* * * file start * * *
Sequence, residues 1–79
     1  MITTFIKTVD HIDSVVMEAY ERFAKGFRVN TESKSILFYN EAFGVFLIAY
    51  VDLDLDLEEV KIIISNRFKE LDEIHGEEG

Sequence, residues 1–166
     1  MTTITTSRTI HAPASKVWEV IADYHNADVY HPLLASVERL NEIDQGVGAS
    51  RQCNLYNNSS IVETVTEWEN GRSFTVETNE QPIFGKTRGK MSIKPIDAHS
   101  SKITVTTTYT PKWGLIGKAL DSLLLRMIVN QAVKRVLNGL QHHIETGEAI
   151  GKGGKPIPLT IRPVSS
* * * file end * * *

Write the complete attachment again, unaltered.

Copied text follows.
Sequence, residues 1–79
     1  MITTFIKTVD HIDSVVMEAY ERFAKGFRVN TESKSILFYN EAFGVFLIAY
    51  VDLDLDLEEV KIIISNRFKE LDEIHGEEG

Sequence, residues 1–166
     1  MTTITTSRTI HAPASKVWEV IADYHNADVY HPLLASVERL NEIDQGVGAS
    51  RQCNLYNNSS IVETVTEWEN GRSFTVETNE QPIFGKTRGK MSIKPIDAHS
   101  SKITVTTTYT PKWGLIGKAL DSLLLRMIVN QAVKRVLNGL QHHIETGEAI
   151  GKGGKPIPLT IRPVSS